Vultures, scavenging birds of prey, have a wide wingspan, which allows them to soar for long periods of time without flapping so much as a feather while looking for carrion to eat. There are 23 vulture species in the world, and at least one type of vulture is found on every continent except Australia and Antarctica. Vultures are carnivorous and eat carrion almost exclusively. They prefer fresh meat but are able to consume carcasses that may have rotted so much as to be dangerous for other animals. This gives vultures a unique and important ecological niche because they help prevent the spread of diseases from old, rotting corpses. Vultures have excellent senses of sight and smell to help them locate food, and they can find a dead animal from a mile or more away. It is a myth that vultures will circle dying animals waiting to feed. These birds are powerful fliers and will soar on thermals while they look for food, but when they locate a carcass, they will approach it quickly to begin feeding before other predators find it. Vultures have relatively weak legs and feet with blunt talons, though they do have powerful bills. If a carcass is too stiff for them to rip open, they will wait for another predator to open the flesh before they feed, which is why vultures are often seen in the company of other carrion-eating animals. New World vultures lack a syrinx and are nearly silent. They do not have songs, and their typical vocalizations are limited to grunts, hisses and similar sounds.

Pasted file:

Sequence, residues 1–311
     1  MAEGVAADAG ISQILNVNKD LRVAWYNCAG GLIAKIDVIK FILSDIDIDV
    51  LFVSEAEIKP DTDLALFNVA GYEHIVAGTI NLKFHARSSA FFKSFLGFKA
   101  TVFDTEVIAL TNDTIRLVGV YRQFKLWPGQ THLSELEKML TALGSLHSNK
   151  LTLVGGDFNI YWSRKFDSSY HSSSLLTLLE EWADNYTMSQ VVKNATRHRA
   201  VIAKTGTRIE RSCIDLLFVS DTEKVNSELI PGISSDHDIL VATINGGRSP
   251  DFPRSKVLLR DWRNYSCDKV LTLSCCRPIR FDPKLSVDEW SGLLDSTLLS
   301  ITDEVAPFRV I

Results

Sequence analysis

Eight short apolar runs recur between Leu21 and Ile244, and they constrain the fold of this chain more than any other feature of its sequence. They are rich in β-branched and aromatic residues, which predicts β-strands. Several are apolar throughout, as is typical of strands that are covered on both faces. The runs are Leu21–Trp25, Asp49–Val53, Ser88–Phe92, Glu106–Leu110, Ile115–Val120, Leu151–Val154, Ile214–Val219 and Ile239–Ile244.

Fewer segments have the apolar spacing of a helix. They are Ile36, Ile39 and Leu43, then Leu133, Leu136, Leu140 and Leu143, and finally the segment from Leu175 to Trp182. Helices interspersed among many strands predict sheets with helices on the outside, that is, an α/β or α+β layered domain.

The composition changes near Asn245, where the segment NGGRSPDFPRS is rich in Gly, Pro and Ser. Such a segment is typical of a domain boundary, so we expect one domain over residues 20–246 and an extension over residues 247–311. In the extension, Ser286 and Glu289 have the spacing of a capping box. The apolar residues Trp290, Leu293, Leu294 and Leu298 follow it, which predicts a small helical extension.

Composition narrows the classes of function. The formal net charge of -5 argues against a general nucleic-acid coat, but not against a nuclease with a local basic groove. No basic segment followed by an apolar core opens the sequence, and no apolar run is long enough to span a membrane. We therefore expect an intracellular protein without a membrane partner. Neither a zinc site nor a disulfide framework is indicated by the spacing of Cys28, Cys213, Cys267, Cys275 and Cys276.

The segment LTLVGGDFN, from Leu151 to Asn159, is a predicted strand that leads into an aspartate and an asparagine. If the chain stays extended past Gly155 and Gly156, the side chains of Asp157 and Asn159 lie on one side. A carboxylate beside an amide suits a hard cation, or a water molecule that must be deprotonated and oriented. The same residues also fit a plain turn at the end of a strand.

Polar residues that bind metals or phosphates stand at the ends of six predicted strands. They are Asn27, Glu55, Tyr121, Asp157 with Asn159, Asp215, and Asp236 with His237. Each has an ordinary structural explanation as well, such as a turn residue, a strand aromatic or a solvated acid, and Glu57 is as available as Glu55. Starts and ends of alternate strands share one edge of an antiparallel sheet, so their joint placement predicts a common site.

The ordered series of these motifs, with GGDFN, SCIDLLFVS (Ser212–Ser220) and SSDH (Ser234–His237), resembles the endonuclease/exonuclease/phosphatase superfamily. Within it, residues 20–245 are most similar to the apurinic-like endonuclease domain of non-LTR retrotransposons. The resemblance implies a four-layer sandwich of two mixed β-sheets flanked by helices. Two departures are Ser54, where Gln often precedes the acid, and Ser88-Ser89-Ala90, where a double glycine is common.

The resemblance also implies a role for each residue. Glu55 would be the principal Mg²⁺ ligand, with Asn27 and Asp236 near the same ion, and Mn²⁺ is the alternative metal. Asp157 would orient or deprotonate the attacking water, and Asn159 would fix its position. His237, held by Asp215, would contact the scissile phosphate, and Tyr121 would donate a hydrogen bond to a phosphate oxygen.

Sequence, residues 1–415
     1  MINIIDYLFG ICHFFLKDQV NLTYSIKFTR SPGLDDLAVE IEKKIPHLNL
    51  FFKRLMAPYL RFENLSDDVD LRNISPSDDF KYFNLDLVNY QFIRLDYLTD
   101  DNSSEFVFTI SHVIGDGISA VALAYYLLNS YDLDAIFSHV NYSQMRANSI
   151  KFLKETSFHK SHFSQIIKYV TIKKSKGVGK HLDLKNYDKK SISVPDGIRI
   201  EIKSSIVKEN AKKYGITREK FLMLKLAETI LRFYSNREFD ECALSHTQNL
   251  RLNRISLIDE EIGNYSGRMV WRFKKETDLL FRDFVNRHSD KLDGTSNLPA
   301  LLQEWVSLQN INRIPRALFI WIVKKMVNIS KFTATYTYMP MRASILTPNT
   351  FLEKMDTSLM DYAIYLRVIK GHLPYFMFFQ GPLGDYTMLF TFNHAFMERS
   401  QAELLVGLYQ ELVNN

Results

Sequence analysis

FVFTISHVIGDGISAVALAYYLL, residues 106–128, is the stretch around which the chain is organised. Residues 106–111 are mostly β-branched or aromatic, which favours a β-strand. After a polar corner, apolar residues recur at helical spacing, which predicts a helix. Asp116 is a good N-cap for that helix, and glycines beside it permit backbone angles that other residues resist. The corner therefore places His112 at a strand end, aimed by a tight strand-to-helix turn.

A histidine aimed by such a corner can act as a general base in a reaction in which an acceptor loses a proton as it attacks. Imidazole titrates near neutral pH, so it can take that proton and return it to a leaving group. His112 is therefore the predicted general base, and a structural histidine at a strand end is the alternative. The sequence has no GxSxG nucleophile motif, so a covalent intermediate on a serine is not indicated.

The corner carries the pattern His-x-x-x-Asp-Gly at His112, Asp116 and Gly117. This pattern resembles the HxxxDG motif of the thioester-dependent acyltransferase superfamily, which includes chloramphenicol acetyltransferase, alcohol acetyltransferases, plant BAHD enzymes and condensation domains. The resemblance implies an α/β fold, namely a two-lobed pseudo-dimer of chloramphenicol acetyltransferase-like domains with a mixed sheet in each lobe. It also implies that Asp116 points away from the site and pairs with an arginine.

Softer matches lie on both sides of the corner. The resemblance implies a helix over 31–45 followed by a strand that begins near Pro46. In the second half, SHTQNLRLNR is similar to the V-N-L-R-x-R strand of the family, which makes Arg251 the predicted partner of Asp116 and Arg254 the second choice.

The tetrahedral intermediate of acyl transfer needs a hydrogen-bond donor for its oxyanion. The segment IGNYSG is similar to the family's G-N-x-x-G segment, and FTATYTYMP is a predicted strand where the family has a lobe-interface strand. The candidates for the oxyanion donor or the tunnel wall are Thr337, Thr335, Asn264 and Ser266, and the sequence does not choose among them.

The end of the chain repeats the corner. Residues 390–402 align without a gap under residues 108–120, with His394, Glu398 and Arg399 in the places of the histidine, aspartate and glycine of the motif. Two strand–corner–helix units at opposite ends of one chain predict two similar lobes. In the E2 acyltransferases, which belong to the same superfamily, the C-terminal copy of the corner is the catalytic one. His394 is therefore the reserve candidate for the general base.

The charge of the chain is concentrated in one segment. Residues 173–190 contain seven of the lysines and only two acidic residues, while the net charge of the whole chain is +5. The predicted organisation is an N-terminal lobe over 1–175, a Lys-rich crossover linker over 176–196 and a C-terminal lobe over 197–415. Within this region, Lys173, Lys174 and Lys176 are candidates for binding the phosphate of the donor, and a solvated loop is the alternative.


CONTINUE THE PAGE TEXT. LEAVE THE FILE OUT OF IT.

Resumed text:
See also: Black vulture, Cinerous Vulture,Egyptian Vulture, Hooded vulture, King vulture, Palm nut vulture, Ruppell's Griffon Vulture, Turkey vulture, White backed vulture, White headed vulture